From Internally Displaced to Successful Businessman
Raúl opened his furniture business RAFERLO six years ago shortly after arriving in the city of Florencia, located in the southern Department of Caquetá.
Since then he has dedicated all of his energy, time and creativity to the business. “I started with very little money but with lots of drive,” he recalls.
In 2001, Raúl was awarded a small business loan by IOM’s program Post Emergency Assistance for Internally Displaced, Vulnerable Populations and Receptor Communities. The money he received from the IOM program, funded by the United States Agency for International Development (USAID), allowed him to begin designing and building tables, chairs and other items using bamboo and guadua (a local wood).
Since then Raúl has made it his quest to try and help the internally displaced who knock on his door asking for work and an opportunity to rebuild their lives. “I can’t give up on this business, I need the work and my employees depend on me.”
Raúl says he recently received one of the best news of his entire life: his products will be exported to Europe.
IOM’s Social Marketing Strategy helped Raúl negotiate the sale and export of 49 of his products to the Dutch furniture and accessories store Hedi Meubelen.
IOM started the Social Marketing Strategy to provide a more sustainable economic environment for the income generating projects implemented by IOM in Colombia. The groups benefiting from the Strategy include the internally displaced, victims of trafficking, and ex combatant minors. These projects receive funding from USAID, the Italian Cooperation Agency, and the embassies of Canada and Holland.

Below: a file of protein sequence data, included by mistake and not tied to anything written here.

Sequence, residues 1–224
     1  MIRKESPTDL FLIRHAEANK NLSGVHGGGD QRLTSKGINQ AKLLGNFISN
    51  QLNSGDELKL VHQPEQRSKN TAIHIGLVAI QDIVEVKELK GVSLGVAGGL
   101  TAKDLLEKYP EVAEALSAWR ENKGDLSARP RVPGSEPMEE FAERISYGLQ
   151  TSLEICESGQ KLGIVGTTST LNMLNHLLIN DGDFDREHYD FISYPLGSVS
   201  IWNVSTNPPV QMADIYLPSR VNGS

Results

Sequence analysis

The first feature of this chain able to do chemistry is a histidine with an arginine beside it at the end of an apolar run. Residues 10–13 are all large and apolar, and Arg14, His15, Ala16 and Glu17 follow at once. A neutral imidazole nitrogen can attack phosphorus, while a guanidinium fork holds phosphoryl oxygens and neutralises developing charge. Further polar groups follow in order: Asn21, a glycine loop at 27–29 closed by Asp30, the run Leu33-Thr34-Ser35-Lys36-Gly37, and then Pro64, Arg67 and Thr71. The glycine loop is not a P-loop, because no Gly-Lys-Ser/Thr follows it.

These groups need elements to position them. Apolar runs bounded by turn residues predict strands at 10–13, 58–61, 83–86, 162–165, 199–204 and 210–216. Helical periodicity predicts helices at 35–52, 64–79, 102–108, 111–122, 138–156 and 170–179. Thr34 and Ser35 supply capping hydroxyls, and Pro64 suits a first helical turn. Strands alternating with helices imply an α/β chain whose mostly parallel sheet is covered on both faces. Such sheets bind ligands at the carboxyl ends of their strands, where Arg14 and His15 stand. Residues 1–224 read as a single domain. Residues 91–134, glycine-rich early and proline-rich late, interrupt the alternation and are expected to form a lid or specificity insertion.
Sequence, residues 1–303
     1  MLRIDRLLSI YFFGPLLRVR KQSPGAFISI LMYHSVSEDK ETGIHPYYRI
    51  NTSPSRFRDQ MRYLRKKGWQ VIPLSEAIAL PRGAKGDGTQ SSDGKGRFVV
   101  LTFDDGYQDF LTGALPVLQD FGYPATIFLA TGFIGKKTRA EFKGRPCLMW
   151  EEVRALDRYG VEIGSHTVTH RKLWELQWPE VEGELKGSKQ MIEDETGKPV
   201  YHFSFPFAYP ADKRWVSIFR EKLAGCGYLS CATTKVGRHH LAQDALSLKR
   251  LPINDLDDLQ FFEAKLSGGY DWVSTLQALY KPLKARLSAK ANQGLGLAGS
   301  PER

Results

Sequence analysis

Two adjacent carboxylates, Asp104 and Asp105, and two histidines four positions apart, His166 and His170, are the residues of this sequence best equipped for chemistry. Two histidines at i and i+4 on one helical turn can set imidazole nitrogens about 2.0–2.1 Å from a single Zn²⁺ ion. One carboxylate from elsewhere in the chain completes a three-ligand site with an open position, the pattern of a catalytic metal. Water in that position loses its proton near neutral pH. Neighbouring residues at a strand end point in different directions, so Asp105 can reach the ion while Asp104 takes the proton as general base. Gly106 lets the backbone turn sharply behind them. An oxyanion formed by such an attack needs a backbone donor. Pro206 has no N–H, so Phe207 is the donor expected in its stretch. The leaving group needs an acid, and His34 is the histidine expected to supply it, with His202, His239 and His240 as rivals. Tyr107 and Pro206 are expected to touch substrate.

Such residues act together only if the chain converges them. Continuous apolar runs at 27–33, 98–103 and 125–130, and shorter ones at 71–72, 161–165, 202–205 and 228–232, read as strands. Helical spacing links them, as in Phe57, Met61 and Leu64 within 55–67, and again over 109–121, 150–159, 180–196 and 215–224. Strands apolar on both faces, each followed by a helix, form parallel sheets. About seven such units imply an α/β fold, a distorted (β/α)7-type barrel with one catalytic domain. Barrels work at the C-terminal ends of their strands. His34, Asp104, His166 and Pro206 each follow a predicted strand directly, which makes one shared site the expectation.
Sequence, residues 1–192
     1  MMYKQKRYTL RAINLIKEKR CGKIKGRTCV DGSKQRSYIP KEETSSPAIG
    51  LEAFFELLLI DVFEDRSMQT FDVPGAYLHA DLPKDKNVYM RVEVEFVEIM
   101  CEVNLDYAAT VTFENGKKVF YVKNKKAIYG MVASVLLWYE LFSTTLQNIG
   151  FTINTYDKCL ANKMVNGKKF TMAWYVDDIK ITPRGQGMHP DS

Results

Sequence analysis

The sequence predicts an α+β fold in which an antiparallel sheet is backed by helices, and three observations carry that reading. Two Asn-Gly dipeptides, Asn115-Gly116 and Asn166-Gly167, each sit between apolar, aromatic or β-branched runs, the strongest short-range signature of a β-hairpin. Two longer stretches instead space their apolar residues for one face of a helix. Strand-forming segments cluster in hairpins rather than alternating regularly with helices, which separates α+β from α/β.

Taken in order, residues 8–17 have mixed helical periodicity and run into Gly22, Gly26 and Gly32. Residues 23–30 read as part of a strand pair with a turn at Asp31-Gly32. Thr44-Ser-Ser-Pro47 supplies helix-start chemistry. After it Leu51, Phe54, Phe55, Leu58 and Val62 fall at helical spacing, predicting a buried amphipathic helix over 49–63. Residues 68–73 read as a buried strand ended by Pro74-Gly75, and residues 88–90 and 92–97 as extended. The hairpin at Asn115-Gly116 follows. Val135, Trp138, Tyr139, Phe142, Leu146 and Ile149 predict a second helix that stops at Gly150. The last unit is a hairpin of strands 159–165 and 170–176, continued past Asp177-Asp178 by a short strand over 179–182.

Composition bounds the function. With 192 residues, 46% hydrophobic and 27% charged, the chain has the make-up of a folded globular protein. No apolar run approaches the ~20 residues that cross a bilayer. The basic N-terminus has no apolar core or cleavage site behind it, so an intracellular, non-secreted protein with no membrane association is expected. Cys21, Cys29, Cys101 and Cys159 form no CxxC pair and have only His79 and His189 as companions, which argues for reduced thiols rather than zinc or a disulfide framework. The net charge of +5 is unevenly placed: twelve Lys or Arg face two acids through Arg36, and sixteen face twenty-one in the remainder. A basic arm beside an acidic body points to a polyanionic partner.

The main goal of the IOM Strategy is to improve the quality of life of the internally displaced. So far more than 1,500 individuals are participating in the program.
The beneficiaries hail from different regions and include manufacturers of furniture, clothing, paper goods, home décor and handicrafts, amongst others.
Business training provided by IOM has allowed the beneficiaries to adapt their products for the international market, learn budget and pricing and export regulations. The trainings have given Raúl and other displaced Colombians the confidence and tools to conduct business with international clients.
The owners of Creaciones Miquelina used the skills learnt at the IOM trainings to negotiate their own contract; they export some USD 2.5 million in winter coats to Great Britain every year.
ANEI produces and sells some 1,000 tons of organic coffee yearly, which is exported mainly to Europe and Japan.
The furniture exported by RAFERLO to Holland represents 12 per cent of their annual sales. “Exporting is the greatest achievement. It means that I have accomplished what I set out to do, working side by side with my people. It is thanks to their drive and hard work that today we celebrate this achievement,” explains Raúl.
To learn more about IOM’s Social Marketing Strategy and to see the products is supports, please visit http://www.oim.org.co/mercadeo.